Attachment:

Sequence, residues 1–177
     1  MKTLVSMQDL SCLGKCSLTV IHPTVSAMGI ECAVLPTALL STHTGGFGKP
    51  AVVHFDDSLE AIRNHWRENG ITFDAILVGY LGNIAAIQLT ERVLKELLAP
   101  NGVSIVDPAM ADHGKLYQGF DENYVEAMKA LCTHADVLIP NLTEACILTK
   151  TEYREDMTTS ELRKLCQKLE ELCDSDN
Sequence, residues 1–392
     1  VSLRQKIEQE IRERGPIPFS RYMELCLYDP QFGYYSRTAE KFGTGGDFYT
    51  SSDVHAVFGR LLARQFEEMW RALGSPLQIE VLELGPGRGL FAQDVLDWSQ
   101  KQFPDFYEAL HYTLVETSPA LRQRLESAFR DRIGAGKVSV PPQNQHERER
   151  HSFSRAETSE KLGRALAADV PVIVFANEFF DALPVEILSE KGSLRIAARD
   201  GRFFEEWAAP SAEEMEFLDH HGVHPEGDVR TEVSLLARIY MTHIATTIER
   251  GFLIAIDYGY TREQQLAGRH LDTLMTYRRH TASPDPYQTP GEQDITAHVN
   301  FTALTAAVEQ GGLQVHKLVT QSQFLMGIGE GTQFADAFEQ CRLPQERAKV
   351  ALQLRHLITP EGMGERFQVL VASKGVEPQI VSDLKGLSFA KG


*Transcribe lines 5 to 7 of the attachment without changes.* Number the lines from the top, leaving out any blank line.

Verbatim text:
   151  TEYREDMTTS ELRKLCQKLE ELCDSDN
Sequence, residues 1–392
     1  VSLRQKIEQE IRERGPIPFS RYMELCLYDP QFGYYSRTAE KFGTGGDFYT